[Federal Register Volume 78, Number 168 (Thursday, August 29, 2013)]
[Rules and Regulations]
[Pages 53237-53239]
From the Federal Register Online via the Government Publishing Office [www.gpo.gov]
[FR Doc No: 2013-21004]



Federal Aviation Administration

14 CFR Part 71

[Docket No. FAA-2013-0339; Airspace Docket No. 12-AEA-15]
RIN 2120-AA66

Establishment of Area Navigation (RNAV) Routes; Washington, DC

AGENCY: Federal Aviation Administration (FAA), DOT.

ACTION: Final rule.


SUMMARY: This action establishes two new low-altitude RNAV routes, 
designated T-287 and T-299, to enhance the flow of air traffic to the 
west of the Washington-Dulles International Airport. Also, there is a 
name change to one of the navigation fixes; an adjustment to the 
coordinates of another navigation fix, and a change from a waypoint to 
a fix for a navigation point.

DATES: Effective date 0901 UTC, October 17, 2013. The Director of the 
Federal Register approves this incorporation by reference action under 
1 CFR part 51, subject to the annual revision of FAA Order 7400.9 and 
publication of conforming amendments.

FOR FURTHER INFORMATION CONTACT: Paul Gallant, Airspace Policy and ATC 
Procedures Group, Office of Airspace Services, Federal Aviation 
Administration, 800 Independence Avenue SW., Washington, DC 20591; 
telephone: (202) 267-8783.



    On April 29, 2013, the FAA published in the Federal Register a 
notice of

[[Page 53238]]

proposed rulemaking (NPRM) to establish two new RNAV routes in the 
Washington, DC area (82 FR 25006). Interested parties were invited to 
participate in this rulemaking effort by submitting written comments on 
the proposal. One comment was received.

Discussion of Comments

    The Aircraft Owners and Pilots Association (AOPA) commented that 
they do not support the establishment of T-287 and T-299 and advocated 
that the FAA withdraw the proposal. AOPA contended that aircraft 
already are able to circumnavigate the Washington-Dulles (IAD) arrival 
flows by using existing Victor airways; thus, pilots will avoid use of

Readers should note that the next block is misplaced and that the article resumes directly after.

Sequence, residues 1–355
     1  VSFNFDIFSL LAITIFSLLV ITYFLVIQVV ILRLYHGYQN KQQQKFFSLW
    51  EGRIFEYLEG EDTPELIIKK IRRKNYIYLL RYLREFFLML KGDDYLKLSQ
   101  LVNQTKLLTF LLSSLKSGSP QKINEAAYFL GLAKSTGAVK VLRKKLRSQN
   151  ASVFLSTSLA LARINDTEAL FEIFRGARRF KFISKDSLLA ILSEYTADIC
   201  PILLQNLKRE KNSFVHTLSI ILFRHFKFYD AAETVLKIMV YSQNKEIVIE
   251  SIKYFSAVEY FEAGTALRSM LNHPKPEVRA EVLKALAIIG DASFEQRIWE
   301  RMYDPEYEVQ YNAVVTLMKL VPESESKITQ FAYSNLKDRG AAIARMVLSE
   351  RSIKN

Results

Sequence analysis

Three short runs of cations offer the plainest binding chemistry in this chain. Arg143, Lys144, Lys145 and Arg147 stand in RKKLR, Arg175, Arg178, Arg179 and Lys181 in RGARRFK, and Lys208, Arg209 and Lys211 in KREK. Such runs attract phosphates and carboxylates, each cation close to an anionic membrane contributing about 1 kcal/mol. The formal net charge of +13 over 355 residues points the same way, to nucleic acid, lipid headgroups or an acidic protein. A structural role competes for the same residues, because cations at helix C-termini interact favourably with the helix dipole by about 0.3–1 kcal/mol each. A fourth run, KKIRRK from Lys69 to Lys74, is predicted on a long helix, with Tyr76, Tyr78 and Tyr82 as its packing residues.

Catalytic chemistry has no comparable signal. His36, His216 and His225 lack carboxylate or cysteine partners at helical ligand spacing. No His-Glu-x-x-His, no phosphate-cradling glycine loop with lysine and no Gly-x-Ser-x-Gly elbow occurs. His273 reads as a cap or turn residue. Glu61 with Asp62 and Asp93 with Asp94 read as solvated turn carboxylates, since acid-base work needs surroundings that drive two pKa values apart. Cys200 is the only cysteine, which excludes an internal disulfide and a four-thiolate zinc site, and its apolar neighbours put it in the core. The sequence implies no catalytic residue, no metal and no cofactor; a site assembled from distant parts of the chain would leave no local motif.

the proposed T-routes because they are inefficient and lack benefit.
    T-287 and T-299 were developed to allow aircraft to navigate via 
routes that are procedurally separated from the NextGen Optimized 
Profile Descent arrival procedures in the IAD area. While the new 
routes may result in more track miles flown as compared to nearby V-
143, it should be noted that, during busy periods, Air Traffic Control 
vectors aircraft on V-143 vectored off the airway to the west very near 
the tracks of the new T-routes. Aircraft filed via V-377 will fly a 
shorter distance and more direct routing with the new routes. T-287 and 
T-299 allow for unrestricted optimized profile descents into the IAD 
area. The routes were not designed to push traffic farther away from 
Class B airspace, but to provide additional options for pilots and air 
traffic controllers alike during weather and high volume traffic 
periods. Since they mimic the tracks already used for vectoring 
aircraft, the T-routes provide more consistent, predicable and precise 
routing. The FAA believes that these routes do benefit both pilots and 
air traffic controllers.
    AOPA further contended that T-routes must be established within 
Class B airspace to retain an equivalent level of service and access 
for general aviation. AOPA asserted that, if future T-route development 
is limited to locations significantly outside the boundaries of Class B 
airspace, general aviation will loose the limited access it currently 
    Originally, T-routes were developed to serve as ``Area Navigation 
IFR Terminal Transition Routes (RITTR).'' RITTRs were intended to 
provide more direct routing and expedite movement of aircraft around or 
through congested terminal airspace areas (such as Class B airspace) 
using RNAV capabilities. In 2007 the FAA decided to discontinue the use 
of the term ``RITTR'' in favor of applying the ``T-route'' designator 
to all published RNAV routes below 18,000 feet MSL, whether their